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March 19, 2009

JCVD

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Mabrouk El Mechri - 2008
Musictronic Entertainment Region 3 DVD

If JCVD has done nothing else, it has proved how much good will Jean-Claude Van Damme has created, often in spite of, rather than because of his movies. This would be apparent from the critical acclamation given to this unexpected cult film. Playing at film festivals, and sneaking in and out of art houses doesn't exactly scream a return to the glory days of Universal Soldier. Why I think JVCD has created interest has to do with its look at the meaning of celebrity.

Van Damme portrays a fictionalized version of himself, returning to Brussels to take care of personal matters. Stepping out of a cab, two local men persuade Van Damme to pose for photos before he goes to a nearby bank to do some business. While the two men, a female cab driver, and a patrolling policeman discuss the presence of Van Damme in the town they describe as a "shit hole", shots are fired from the bank, shattering one of the taxi's windows. Seen briefly behind the bank window, it becomes clear that a bank robbery is in progress, and that Van Damme is involved.

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JCVD plays upon the expectations people have about celebrity, wanting the star to be both a "regular person" and simultaneously someone to be revered for their fame. At the same time, the character of Jean-Claude Van Damme finds himself in a situation where he cannot act like an action star in the film's version of real life. Still, Van Damme is asked to demonstrate one of his high kicks for one of the robbers, and gives advice from past films on how to negotiate with the police.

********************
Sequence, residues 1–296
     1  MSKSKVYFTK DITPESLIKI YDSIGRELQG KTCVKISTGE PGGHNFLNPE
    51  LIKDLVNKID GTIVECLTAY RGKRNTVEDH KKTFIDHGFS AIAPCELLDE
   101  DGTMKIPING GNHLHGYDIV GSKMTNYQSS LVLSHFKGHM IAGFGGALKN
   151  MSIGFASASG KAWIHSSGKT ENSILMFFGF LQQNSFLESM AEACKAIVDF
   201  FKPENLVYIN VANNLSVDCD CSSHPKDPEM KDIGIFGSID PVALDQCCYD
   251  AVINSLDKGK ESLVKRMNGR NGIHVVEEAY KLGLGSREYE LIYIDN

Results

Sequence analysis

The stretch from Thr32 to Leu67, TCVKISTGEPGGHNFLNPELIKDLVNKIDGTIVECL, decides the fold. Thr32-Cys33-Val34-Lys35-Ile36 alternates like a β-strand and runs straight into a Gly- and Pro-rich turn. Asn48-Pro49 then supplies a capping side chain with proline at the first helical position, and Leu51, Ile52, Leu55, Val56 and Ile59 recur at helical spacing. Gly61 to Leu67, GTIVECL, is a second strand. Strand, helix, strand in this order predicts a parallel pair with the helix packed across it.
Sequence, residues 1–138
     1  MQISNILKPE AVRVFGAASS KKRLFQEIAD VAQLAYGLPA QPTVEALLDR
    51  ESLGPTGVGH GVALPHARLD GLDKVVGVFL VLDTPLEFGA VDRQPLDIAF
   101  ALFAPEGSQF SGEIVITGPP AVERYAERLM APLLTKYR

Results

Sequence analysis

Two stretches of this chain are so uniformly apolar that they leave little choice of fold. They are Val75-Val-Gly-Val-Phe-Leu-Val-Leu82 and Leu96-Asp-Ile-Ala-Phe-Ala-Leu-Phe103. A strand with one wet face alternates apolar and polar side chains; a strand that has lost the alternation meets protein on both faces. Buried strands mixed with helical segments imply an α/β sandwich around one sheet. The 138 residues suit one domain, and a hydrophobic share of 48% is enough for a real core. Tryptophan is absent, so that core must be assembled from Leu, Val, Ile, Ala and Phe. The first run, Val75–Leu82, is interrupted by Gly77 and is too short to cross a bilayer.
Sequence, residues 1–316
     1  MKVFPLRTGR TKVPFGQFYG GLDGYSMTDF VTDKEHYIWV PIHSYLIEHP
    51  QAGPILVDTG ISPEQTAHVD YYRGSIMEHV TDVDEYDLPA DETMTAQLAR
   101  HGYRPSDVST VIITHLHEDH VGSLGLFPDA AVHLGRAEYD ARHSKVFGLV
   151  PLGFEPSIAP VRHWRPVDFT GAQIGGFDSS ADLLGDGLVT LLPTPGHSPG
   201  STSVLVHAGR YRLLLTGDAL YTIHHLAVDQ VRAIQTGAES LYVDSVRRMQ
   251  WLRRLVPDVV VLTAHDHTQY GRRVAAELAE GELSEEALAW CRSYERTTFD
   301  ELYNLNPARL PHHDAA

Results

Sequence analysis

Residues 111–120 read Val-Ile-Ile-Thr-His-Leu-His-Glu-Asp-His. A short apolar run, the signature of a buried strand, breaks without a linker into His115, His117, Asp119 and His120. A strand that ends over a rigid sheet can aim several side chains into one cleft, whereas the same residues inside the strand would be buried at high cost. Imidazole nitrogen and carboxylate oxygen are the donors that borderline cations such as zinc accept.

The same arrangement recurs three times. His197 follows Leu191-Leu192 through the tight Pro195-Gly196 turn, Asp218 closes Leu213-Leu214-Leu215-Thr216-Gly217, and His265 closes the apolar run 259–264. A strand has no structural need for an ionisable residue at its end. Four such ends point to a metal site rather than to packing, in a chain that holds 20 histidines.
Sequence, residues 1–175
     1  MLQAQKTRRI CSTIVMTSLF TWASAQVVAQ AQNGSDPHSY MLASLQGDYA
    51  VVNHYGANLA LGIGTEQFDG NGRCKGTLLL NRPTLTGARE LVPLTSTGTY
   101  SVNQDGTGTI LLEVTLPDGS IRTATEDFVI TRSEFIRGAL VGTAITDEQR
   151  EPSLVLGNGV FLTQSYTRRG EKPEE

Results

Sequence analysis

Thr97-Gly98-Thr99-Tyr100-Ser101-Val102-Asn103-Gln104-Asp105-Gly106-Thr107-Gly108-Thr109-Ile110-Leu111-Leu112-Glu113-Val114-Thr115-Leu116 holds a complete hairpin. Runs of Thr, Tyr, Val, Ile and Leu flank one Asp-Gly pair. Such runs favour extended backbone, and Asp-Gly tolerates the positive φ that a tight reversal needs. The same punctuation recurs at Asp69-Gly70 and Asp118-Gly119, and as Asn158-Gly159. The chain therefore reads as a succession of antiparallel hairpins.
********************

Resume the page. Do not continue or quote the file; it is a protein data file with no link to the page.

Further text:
What I liked best was a scene, a monologue may well have been improvised. At one point inside the bank, Van Damme is literally lifted out of the scene to address the audience with a look back on his life. There is enough to suggest that without giving away specific details, Van Damme is reflecting on a life pretty close to his own.

One of the film's running jokes is about Van Damme giving John Woo his first Hollywood directing job. That Van Damme brought three top Hong Kong directors to Hollywood during a time of uncertainty in their own country is worthy of consideration. There is one scene of Van Damme making a film with a Chinese director that highlights the actors frustration with what he can do, and how a scene should be filmed, and the director's own indifference to the project. Again, JCVD plays with the notion of expectations between the real Jean-Claude Van Damme and his fictionalized screen character of the same name.

Whether JCVD will allow Jean-Claude Van Damme to get roles independent of his martial arts abilities has yet to be seen. Even if JCVD turns out to be an anomaly in a career of action films that continues, it may be enough for the moments of seeing a star famed for his grace in motion, showing a sense of grace about his life and career.

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JCVD is available from HK Flix, where films are Bigger than Life.

Posted by peter at March 19, 2009 12:11 AM